Tuesday, September 30, 2014

What I Would Have Said at the Candidate Forum, Question 5

 Some of you may know that I filed for Lt. Governor as an independent in an effort to advance a lawsuit by Neighbors of Arkansas against the unjust changes made in the law in 2013. These changes make it harder to get on the ballot as an independent. I will not be on the ballot as part of the remedy, but I remain confident that the law will soon be thrown out as unconstitutional. Similar laws have in the past, and there is no way there can be “equal protection” under the law when one's access to the ballot can be made harder every time one attempts to access the ballot outside of the two parties whose misrule has so harmed our nation.

During that process, before it was clear that our (three of us sued as candidates, the other two for local offices) being placed on the ballot was not going to be a part of the remedy, I held myself out as a candidate. I even got invited to a forum. One co-hosted by the El Dorado Chamber of Commerce and the Union County NAACP. This forum is to occur on September the 30th. Since I went to the trouble to answer the questions (in case access to the ballot this cycle was still an option) I thought I might as well share my answers with you. With that set up, here are the questions which will be asked at the forum tonight and how I would have answered them. If you don't think the system is broken, compare how I would answer them by how they are being answered by the candidates that the system is offering you.....

Question 5...

Incarcerated persons are often released with few life skills in place, do you think a retraining program would benefit this state and decrease the rate of return to the overwhelmed prison system.

That depends on how you do it. I believe we need to re-think our penal system. The first step is to distinguish between those who are really bad people and who are just screw-ups. Some people are in prison right now because they need to be. Others are in prison because they were not as lucky as me when I was young and stupid.

The wrong way to do it is to further fatten the prison-industrial complex with a vast, expensive, and centrally planned prison job training program. If this group was the type to thrive in an institutionalized educational setting then they would be honors graduates, not convicts. We have to meet them where they are, not throw more money into methods that are not reaching them.

The right way to do it is to open the Bible, and note that they did not even have prison as we know it even for some very serious crimes, much less for the screw ups. What they had were “cities of refuge” where the criminal could go and stay until their time was up. They had to live in one of a few cities, away from their old influences. Not nice places, but at least they could interact with some people who were decent role models and keep some toe-hold in the private economy.

Vera.org says is costs Arkansas $24,300 per inmate. And add a few thousand of job training on there and you are pushing $30K. Meanwhile our small towns are dying while our prisons are stuffed. Why not take that same money and make some towns who volunteer for it “cities of refuge” for certain offenders? Housing two of them to a cheap motel or apartment would be maybe $3,000 a year each. Give another $6,000 to the city for the trouble of having them and then another $6,000 tax credit to any employer in town who hires them. Their food and bills are on them and their family, but with a tax credit available even if they are nearly worthless to an employer at first, someone should hire them for up to the amount of the credit. That is saving about a third of your money and they keep getting life skills and growing up so you don't have to “re-train” them. The whole experience is training, and not in being a gangster, like they would get in prison. The screw-ups win, society wins, the small towns win, the employer's win, the taxpayers win, the prison-industrial complex loses and I can live with that.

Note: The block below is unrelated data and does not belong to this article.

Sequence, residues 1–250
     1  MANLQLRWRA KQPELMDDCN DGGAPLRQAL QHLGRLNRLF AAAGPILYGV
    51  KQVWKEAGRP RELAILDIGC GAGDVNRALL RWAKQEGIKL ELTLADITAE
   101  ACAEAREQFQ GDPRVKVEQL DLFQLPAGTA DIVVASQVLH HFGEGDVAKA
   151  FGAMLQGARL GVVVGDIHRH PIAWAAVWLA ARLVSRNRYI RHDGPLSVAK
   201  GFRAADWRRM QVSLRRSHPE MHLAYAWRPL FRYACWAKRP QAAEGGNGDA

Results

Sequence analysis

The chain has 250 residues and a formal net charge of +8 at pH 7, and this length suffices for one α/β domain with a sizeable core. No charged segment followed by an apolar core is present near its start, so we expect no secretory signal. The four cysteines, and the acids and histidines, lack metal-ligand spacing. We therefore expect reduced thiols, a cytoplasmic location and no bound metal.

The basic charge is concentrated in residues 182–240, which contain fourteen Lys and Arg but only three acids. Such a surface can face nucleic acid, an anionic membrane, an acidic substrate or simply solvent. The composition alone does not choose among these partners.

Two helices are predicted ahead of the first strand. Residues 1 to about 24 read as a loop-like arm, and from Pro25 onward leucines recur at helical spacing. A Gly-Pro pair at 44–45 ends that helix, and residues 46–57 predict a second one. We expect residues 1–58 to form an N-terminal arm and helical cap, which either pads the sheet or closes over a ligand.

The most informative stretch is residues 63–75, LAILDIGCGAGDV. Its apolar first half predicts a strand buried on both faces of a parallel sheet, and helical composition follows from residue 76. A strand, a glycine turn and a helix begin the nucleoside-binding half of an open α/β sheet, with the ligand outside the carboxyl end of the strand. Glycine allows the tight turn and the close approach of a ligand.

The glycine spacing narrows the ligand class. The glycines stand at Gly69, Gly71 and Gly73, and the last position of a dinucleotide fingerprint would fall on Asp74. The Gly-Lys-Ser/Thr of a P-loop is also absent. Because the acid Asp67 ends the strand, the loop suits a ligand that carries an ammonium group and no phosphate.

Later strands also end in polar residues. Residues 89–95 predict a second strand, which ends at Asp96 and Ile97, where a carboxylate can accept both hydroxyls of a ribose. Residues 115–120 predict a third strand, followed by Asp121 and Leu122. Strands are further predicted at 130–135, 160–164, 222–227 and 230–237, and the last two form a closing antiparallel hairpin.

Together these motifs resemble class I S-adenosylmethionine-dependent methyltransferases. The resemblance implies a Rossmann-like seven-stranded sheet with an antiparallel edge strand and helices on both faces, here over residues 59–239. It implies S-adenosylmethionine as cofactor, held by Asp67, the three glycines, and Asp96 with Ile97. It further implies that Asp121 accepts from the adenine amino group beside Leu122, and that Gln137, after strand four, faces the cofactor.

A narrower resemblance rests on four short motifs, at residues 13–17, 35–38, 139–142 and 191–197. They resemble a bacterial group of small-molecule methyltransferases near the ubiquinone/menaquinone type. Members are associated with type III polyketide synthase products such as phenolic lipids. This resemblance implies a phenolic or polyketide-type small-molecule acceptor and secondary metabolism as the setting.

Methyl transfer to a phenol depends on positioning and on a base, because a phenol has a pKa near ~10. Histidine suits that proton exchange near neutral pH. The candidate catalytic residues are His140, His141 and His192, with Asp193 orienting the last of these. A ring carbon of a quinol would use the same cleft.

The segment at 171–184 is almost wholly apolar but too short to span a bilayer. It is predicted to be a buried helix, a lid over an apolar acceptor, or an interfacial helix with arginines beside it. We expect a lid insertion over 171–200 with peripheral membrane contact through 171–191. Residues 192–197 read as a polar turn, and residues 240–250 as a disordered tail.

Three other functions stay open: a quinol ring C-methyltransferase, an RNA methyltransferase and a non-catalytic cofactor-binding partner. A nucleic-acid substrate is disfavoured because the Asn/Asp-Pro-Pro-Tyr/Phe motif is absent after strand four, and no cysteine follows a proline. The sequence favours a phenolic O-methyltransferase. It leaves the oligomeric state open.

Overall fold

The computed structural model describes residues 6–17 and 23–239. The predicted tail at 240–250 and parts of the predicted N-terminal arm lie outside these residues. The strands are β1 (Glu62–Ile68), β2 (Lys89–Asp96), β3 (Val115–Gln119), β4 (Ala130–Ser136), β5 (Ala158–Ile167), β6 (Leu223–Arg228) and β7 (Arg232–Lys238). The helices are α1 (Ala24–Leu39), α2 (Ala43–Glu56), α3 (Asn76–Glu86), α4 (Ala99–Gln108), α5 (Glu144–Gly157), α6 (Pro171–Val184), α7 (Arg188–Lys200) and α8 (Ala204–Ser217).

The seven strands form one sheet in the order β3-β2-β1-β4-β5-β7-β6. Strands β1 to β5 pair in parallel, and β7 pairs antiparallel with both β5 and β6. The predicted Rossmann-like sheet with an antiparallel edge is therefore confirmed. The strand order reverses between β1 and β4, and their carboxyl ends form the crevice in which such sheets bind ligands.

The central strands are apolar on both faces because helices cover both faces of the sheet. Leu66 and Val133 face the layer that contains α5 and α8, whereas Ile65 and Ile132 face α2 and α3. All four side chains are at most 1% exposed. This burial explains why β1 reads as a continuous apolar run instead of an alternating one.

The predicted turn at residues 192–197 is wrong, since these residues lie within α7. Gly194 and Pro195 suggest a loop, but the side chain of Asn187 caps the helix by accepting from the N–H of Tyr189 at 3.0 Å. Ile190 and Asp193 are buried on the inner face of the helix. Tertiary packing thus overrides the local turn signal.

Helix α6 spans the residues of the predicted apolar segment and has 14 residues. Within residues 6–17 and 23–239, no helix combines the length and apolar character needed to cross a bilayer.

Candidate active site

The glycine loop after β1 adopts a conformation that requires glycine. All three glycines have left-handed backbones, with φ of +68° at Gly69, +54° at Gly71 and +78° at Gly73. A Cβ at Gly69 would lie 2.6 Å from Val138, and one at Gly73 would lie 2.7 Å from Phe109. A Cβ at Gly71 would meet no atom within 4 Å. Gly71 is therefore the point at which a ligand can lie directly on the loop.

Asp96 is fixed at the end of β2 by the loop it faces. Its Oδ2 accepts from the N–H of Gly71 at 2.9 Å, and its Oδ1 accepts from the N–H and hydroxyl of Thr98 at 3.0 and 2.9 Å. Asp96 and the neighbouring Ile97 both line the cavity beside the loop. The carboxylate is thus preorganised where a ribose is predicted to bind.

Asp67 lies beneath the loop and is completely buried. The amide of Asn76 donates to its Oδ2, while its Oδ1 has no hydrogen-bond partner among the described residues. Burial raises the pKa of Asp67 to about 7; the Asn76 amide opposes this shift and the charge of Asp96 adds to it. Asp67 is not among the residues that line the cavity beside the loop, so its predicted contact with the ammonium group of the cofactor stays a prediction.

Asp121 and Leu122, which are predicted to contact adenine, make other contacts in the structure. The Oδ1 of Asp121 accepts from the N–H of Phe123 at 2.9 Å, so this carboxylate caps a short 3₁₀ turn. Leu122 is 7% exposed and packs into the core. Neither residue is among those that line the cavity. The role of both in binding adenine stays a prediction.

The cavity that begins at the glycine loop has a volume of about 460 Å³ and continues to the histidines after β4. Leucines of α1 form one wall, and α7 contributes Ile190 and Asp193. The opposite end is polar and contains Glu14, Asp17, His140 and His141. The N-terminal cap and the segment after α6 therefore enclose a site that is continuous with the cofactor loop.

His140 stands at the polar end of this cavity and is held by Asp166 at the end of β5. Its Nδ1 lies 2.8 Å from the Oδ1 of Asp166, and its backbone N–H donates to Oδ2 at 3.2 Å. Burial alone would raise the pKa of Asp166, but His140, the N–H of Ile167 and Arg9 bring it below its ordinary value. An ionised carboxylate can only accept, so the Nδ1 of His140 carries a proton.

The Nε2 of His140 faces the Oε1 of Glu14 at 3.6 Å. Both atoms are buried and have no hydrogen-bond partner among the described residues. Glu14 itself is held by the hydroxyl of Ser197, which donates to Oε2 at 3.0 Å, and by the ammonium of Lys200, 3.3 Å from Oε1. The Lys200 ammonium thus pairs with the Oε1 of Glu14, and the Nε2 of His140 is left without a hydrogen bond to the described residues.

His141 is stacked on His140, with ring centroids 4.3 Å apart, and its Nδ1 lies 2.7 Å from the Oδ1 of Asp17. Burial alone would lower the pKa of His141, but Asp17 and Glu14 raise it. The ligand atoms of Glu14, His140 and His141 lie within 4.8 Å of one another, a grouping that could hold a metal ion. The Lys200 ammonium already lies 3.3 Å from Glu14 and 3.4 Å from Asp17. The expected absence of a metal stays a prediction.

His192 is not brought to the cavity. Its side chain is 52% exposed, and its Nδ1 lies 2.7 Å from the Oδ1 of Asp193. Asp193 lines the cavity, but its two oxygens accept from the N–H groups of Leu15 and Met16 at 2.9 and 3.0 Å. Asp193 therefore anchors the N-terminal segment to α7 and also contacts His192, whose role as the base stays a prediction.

So what if a screw-up has a little kid they are taking care of and a job and what have you? Here is where you have to see beyond the superficial to understand how tough justice is actually more merciful. Proverbs says that a fool when struck may become wise. For the right person a caning would be the fastest job-retraining program in the world. It would be better in that situation to offer them an alternative sentence of a caning than sending them off to either prison or a city of refuge. They can take a beating and consider their debt paid, and two weeks later they are back at work and loving their kid.

You don't offer that choice to the real bad guys, they belong in prison. But you offer the option to the rest and let them decide if it is better for them than prison. Don't deny them that choice out of a false sense of being too kind to let them make their own decisions.

We don't have the money to pay for a new statist program and they don't work anyway, especially in an economy destroyed by the fiscal mismanagement of these two DC based parties.


Mark Moore is a proponent of a philosophy of government known as "Localism".  In the end, it is either going to be globalism or localism, because no other view of government can protect its population from globalism.   To learn more, check out Mark's book "Localism, a Philosophy of Government."


Post a Comment

Links to this post:

Create a Link

<< Home